As their petitions said, the native people had not been consulted on the proposed dissolution of their nation. Nor was the Republic of Hawaii a republic, but rather a tyranny of the many by the few, bolstered by the nearly continuous presence of U.S. warships. Now, through the draft treaty of annexation, this small group of haole was trying to turn the land, sovereignty, and prospective naval bases of the nation of Hawai'i over to the United States. There was a name for such a transaction, former President Grover Cleveland had said, but he never wrote down what it was.
To describe the situation in words that Americans might understand, the queen of Hawai'i was to write that America surely would not want to become "a colonizer and a land-grabber." If the American government was to follow the British, French, and Germans into colonialism, was this agreeable to the American people? While no doubt Americans could rival the Europeans in the sad business of conquest, was this how an idealistic nation wanted to be known in the world? Would a nation that originated from an anticolonial revolution now want to be known for its colonization of others?
Although the queen was one of many Hawaiians who steadfastly resisted annexation, naturally it was she whose name would be remembered, Lili'uokalani. In the years following the overthrow, Lili'uokalani had gone from exalted sovereign to prisoner to parolee. When she left Hawai'i, she told the president of the white government that she was going to visit a sick relative, but after circulating among acquaintances in Boston long enough to dignify her story, she had taken a night train to Washington, D.C., and there she had tried to regain the sovereignty of her nation. In a short time she had reached a remarkable number of people, many of them highly placed in the world, just as she was. Given the racial stereotypes that sometimes confronted her in the press, and given that much of the globe had descended into the organized violence of colonial takeovers, there was a kind of mad civility to the events that engaged her.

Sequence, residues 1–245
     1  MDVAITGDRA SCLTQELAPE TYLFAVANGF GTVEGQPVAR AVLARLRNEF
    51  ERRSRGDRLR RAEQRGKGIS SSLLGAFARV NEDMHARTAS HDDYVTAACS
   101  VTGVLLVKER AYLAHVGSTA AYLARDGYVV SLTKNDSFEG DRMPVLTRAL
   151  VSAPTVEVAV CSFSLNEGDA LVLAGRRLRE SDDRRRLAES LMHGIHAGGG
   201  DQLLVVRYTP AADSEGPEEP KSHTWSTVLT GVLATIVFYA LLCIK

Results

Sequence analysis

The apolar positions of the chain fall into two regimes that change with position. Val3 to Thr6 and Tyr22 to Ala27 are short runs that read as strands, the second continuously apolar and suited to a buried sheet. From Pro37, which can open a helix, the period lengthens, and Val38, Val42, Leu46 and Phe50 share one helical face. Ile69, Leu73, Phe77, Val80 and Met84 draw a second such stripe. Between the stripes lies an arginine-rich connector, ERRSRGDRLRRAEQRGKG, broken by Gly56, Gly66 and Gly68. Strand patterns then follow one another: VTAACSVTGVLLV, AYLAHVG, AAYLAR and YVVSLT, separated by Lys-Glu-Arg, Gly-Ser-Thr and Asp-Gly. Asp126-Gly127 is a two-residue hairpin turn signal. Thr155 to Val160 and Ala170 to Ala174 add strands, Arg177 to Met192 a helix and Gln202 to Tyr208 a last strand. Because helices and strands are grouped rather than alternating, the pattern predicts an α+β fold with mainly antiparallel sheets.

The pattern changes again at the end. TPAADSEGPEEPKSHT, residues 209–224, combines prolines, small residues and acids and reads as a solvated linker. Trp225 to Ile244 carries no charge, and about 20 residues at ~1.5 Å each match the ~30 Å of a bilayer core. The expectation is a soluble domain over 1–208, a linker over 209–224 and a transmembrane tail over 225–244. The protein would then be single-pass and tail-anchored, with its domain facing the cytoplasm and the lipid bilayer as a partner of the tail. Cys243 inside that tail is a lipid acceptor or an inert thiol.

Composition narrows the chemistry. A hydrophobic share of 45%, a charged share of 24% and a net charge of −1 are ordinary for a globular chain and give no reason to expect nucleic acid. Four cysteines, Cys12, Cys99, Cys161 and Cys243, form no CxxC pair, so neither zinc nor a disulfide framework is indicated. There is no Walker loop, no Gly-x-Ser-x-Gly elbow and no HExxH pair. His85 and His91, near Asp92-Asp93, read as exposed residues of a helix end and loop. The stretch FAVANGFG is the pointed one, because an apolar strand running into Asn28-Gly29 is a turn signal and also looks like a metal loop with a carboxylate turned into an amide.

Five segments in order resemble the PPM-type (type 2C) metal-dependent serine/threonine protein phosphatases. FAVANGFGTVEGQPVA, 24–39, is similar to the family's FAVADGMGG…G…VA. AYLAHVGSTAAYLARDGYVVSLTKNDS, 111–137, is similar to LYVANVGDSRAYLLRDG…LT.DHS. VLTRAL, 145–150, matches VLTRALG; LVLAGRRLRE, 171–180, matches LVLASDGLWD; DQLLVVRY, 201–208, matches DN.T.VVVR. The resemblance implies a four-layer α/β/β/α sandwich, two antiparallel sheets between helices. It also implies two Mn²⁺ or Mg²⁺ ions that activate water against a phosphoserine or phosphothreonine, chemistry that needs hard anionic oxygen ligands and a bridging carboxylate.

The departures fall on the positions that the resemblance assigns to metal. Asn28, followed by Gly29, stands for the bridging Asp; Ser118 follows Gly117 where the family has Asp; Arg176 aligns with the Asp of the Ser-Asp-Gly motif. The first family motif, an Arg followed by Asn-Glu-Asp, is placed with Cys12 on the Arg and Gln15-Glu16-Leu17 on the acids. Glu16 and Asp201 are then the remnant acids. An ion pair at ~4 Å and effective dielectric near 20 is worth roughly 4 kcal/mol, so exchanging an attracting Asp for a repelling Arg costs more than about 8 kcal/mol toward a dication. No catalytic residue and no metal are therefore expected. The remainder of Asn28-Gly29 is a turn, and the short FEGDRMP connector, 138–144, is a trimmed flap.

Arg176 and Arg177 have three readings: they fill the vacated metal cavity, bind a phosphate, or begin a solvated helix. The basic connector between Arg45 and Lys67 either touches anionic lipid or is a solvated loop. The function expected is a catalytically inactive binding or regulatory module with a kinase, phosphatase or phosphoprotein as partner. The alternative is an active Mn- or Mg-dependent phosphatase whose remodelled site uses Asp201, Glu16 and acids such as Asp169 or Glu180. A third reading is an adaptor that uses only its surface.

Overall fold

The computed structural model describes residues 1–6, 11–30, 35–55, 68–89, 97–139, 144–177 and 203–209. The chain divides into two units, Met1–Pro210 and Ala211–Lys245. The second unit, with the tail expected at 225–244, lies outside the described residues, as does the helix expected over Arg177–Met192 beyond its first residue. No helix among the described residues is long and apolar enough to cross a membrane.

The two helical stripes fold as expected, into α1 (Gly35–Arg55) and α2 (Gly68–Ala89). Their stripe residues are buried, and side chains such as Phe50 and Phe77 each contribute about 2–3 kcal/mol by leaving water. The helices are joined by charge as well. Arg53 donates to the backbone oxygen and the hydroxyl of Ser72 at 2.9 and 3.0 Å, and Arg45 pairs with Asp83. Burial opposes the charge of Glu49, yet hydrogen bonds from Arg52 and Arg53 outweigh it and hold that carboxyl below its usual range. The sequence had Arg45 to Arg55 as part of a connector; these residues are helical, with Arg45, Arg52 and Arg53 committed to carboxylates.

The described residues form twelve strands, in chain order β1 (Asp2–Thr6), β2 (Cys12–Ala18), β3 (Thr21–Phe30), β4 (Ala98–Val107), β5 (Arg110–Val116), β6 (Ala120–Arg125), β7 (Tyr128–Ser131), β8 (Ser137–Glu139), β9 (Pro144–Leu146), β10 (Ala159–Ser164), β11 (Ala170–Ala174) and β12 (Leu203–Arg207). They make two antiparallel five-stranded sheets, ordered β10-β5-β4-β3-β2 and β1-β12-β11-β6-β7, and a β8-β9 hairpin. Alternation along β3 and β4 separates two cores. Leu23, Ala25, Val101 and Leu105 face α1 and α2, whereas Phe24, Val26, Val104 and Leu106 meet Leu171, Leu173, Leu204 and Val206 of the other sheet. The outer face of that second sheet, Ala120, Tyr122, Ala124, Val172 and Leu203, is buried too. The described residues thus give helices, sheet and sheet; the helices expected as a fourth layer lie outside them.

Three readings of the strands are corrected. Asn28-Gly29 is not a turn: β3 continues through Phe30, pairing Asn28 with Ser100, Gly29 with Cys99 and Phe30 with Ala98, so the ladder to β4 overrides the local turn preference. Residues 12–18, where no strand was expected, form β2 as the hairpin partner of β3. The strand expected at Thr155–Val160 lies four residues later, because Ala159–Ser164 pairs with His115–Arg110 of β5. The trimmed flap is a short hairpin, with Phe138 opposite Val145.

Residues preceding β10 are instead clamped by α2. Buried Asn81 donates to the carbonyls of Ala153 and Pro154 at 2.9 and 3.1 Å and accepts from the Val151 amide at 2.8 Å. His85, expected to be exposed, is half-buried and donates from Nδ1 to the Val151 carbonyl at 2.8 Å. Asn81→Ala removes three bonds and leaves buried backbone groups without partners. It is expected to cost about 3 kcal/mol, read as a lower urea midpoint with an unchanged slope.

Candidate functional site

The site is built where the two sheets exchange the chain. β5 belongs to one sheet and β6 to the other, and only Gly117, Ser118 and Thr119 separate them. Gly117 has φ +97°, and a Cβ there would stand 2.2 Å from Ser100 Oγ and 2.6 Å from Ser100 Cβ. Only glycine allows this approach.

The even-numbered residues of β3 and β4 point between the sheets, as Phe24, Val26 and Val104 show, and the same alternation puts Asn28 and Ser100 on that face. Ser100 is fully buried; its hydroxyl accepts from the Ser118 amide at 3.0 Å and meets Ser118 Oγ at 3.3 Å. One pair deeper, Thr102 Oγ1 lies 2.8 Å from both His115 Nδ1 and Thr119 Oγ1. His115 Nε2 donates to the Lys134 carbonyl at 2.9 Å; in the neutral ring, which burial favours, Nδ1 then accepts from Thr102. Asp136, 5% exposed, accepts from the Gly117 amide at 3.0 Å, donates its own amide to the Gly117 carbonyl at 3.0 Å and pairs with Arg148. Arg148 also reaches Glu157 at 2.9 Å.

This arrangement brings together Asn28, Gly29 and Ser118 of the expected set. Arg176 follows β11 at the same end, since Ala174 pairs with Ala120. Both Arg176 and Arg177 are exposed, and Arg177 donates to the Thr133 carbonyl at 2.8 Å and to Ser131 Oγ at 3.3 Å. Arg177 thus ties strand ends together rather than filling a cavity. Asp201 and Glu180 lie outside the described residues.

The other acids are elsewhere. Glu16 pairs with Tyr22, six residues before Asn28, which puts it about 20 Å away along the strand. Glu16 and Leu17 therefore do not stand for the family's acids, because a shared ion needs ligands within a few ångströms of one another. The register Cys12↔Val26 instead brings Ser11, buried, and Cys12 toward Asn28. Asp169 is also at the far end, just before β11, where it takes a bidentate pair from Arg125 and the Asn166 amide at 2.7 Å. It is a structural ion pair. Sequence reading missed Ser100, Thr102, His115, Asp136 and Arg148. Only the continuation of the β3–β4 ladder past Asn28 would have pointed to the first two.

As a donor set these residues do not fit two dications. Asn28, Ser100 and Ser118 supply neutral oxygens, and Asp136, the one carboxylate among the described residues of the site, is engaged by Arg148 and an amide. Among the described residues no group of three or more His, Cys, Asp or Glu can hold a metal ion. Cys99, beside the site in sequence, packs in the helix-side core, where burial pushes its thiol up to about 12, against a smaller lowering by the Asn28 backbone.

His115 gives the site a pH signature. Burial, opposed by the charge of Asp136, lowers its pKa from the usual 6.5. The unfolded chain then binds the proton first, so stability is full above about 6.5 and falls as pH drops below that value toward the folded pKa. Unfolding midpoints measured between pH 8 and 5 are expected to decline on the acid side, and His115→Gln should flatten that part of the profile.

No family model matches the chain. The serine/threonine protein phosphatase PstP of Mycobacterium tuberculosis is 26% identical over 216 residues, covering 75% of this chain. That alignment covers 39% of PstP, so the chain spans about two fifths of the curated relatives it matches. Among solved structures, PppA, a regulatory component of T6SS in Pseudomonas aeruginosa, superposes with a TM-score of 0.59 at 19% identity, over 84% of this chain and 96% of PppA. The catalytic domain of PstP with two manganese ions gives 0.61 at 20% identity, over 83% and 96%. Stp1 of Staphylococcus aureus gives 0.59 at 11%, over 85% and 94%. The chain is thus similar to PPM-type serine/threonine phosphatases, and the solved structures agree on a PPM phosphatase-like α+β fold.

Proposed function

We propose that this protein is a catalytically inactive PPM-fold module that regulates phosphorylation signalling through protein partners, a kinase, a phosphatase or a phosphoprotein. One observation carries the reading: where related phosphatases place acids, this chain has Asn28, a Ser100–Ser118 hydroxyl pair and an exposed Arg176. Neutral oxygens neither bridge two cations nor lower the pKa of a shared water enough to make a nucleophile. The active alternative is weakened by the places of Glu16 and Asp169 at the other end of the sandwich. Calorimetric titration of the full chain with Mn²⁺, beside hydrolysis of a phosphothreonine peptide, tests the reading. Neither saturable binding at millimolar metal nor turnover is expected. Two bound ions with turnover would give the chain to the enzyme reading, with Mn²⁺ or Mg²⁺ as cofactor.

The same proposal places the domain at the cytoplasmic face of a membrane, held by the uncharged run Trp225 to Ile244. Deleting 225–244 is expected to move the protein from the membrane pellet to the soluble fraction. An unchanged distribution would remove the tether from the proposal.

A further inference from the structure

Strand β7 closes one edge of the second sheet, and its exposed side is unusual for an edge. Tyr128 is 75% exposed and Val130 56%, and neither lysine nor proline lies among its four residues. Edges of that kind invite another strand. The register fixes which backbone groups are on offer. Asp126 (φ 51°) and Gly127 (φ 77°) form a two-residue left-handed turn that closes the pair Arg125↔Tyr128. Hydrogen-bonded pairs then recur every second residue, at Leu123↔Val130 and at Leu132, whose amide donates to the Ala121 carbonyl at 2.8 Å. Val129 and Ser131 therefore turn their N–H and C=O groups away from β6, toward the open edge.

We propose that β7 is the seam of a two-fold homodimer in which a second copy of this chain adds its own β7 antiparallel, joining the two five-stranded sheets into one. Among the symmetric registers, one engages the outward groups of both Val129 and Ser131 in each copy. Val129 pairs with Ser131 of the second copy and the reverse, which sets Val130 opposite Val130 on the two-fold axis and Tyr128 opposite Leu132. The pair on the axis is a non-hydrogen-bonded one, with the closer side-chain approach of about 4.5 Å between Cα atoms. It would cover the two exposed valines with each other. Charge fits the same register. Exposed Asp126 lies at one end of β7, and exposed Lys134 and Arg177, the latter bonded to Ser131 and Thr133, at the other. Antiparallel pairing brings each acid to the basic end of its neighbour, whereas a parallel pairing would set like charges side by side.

Masons were among the many groups of people who came to see her. One day a hundred Masons from Philadelphia came calling. They sang her song, Aloha 'Oe, which spoke of one fond embrace before departing. Lili'uokalani played the piano superbly, and when Masons wanted to sing their national anthem, she obliged them by playing the accompaniment, O Say Can You See? She wrote in her diary that all were filled with good tidings for her. Grover Cleveland, the twenty-fourth president of the United States, had welcomed her warmly, and Mrs. Cleveland had honored her with a reception at the White House. Now, she wondered, with America in a more nationalistic mood, would the twenty-fifth president of the United States likewise entertain her, and entertain her thoughts as well?